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TESS VIGELAND: President Bush meets with European Union leaders in Vienna today for a biannual summit. No doubt we'll hear pledges of trans-Atlantic cooperation. And the leaders will sign some agreements on saving energy and fighting counterfeiters. But, John Dimsdale reports, the talks are fall short on resolving the big trade issues.
JOHN DIMSDALE: Time is short for getting a global agreement on reducing barriers to trade in agriculture and manufactured products. Congress' grant of so-called fast-track authority for the President to close international trade deals is running out, and differences between the US and Europe over domestic subsidies and tariff protections for farmers have not budged in three years.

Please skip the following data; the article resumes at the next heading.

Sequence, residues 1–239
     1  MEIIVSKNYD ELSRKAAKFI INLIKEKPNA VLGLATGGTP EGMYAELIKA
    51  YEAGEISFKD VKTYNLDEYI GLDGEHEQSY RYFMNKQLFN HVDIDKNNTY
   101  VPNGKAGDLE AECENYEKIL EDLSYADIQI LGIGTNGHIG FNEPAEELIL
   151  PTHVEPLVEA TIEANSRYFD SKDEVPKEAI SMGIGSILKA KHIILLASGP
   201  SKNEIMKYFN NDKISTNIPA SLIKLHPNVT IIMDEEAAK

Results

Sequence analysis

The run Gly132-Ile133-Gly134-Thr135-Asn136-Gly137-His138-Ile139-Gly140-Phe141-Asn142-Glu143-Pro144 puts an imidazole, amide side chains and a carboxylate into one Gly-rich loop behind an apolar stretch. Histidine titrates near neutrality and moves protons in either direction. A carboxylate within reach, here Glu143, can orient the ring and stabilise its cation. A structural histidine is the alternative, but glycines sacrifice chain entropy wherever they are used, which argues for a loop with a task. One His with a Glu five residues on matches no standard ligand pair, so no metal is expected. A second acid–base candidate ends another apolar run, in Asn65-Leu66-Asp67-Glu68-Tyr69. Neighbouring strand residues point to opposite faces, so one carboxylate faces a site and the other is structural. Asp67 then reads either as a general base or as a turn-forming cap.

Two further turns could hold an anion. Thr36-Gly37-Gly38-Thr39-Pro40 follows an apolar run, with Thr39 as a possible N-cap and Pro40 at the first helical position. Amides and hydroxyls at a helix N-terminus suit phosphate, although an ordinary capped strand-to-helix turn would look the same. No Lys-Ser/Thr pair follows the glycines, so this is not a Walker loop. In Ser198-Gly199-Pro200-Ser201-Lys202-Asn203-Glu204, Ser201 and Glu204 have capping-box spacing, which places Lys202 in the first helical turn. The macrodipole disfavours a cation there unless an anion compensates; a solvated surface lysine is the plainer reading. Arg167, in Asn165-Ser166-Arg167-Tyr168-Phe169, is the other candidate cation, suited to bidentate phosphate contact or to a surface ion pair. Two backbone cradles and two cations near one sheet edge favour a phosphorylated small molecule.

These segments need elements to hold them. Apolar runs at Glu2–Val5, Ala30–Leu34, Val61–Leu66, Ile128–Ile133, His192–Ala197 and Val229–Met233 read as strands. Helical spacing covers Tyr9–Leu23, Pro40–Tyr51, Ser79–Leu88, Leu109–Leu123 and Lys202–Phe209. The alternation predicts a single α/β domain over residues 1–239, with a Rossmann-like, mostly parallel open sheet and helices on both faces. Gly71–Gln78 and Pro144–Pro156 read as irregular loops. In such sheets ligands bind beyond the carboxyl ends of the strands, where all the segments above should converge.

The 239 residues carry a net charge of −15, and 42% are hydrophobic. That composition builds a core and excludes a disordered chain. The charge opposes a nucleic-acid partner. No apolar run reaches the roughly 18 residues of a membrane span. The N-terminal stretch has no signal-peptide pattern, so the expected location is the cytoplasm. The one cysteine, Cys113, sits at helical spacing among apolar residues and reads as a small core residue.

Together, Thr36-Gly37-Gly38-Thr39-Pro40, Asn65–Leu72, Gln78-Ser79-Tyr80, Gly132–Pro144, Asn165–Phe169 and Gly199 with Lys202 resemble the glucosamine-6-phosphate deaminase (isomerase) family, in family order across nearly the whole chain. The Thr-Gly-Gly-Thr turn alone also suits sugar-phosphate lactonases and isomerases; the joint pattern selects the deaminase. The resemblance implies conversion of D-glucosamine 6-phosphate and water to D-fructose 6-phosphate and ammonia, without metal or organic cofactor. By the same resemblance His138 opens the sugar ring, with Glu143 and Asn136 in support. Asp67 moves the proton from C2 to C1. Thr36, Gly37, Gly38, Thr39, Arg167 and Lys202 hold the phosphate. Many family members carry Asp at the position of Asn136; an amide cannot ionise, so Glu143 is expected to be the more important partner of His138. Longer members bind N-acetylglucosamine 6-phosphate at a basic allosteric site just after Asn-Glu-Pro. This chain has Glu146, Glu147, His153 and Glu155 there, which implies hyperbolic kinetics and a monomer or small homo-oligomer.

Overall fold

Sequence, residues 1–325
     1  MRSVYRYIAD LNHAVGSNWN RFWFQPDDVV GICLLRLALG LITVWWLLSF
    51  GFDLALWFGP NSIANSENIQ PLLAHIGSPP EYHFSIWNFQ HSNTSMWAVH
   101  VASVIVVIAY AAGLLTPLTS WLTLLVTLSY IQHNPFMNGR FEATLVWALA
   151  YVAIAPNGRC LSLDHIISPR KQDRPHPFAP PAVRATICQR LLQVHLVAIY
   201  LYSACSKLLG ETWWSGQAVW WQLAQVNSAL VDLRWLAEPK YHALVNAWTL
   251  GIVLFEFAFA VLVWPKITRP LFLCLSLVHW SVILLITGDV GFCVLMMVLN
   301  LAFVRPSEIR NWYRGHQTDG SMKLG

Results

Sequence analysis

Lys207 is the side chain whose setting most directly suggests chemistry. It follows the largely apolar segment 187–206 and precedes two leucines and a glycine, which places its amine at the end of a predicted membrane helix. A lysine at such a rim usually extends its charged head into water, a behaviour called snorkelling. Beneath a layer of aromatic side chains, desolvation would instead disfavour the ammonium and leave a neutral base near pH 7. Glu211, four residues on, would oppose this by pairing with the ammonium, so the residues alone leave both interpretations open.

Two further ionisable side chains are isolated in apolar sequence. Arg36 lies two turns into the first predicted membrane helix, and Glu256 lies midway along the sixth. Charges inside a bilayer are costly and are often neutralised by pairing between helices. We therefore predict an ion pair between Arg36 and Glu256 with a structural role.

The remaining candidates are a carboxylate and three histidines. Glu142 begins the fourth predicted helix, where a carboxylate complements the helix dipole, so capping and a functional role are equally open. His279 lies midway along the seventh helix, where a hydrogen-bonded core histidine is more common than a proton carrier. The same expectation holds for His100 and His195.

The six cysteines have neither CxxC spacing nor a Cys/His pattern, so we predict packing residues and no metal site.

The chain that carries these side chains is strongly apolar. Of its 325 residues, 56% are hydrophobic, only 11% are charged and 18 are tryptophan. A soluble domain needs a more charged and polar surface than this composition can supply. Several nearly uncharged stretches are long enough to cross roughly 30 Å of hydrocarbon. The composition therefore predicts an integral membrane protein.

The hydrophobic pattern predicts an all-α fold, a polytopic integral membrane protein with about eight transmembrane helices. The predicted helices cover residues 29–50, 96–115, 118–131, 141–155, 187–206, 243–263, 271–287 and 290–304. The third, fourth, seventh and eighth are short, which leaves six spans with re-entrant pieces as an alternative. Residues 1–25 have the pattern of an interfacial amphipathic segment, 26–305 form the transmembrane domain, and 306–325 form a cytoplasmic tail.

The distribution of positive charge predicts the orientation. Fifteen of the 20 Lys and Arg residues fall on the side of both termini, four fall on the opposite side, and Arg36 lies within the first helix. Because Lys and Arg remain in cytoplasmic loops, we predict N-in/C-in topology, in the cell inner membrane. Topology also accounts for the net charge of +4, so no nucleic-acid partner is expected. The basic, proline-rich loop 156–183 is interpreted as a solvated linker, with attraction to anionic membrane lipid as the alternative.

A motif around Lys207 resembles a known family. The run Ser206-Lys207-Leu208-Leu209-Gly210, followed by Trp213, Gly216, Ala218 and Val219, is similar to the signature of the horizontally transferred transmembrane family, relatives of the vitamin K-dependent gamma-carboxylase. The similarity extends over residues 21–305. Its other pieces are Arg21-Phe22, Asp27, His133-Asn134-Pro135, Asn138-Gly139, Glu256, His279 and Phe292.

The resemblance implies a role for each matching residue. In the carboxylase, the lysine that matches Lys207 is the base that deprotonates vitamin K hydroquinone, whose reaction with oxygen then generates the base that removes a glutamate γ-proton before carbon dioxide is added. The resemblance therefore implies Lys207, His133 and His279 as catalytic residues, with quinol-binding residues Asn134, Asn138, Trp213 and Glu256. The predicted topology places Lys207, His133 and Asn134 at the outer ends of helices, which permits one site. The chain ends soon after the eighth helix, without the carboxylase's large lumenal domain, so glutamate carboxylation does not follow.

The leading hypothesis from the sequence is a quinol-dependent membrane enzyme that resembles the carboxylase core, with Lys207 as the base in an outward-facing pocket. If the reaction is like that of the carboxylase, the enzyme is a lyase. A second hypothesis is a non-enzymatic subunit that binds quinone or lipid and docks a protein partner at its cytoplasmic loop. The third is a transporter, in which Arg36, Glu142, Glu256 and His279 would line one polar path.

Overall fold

GARY HUFBAUER: We say Europe hasn't gone far enough, and they say we have not gone far enough.
Gary Hufbauer is with the Institute for International Economics. He, like many other trade analysts, is not expecting any breakthroughs today. And he says even if the US and EU find common ground, globalization is making trade deals more complex.
HUFBAUER: We still have many other important players — India, China, Brazil, South Africa — who have to come to the party or there will not be a party.
Trade ministers from around the world meet at the end of June in a last ditch effort to apply some deadline pressure to the global stalemate.
In Washington, I'm John Dimsdale for Marketplace.